Emma Honeybone 28:46
Although actually I think, again, Joe, and I’ve talked and there’s some aspects of this life that I’m really loving. And then every single event has a follow up and review and I don’t think this ever changes. One thing I did very quickly is so Joe has this great video at the beginning of his webinars, which is allowing you all to join the conversation. So we don’t start it without anybody. One of the things I do with my clients because of the type of people who are sitting on the call is I run a poll. So I asked them a question that is either going to be of benefit to the speaker who’s leading it.

So it gives them some insights that they can shape some questions around. But it also just fills that time where people are logging in and make sure that we give people those few minutes they need to get on the system to be ready and also to calibrate because you kind of need that little bit of time to get in the headspace of Okay, what I’m starting, I’m going to listen now to what you’re saying. But my follow ups, you know, it’s it’s what you would imagine I review the process to the templates work is the approach working what was the timings Okay, did we run over? Did we run ons or do we need to think about that, in my event plan I actually have so the minute by minute that you saw in the production schedule. I have that in a script as well. So my lead presenter will have his way your intro goes at this time, roughly This is when you do introductions at this time, roughly, it’s your first set of questions, you want to be trying to do the poll about 1035 because that then leads you into audience q&a. And for a chair that actually makes them feel really comfortable again, that they’re not going to, you know, lose track of time or or let the event run away with them or miss an opportunity to to share something important. And I just thought I’d share this.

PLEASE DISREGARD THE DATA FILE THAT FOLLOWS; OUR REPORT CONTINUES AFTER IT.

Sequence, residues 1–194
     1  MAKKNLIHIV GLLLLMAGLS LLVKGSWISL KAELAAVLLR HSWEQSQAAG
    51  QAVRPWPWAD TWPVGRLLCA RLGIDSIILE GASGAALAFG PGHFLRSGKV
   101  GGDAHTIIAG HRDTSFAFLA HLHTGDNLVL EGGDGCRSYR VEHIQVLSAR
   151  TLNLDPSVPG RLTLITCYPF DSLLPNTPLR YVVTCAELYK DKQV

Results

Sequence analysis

This is kind of what I’ve been doing for the events I’ve run over the past couple of weeks. And so we’ve had is that seven Yes, seven webinars in the past two weeks, and I wants to compare registration to attendance conversion rates. And actually, they’re pretty similar, which means there’s not a huge amount there’s one there that’s 42%, which we’ll have a look at and see what we could have done differently. But by tracking it, we can just a understand if if the events that we’re running continue to be on track, but also think about whether we need to make any changes in what we’re doing. And I’ve also been looking at time in session to see if people are dropping out really early on.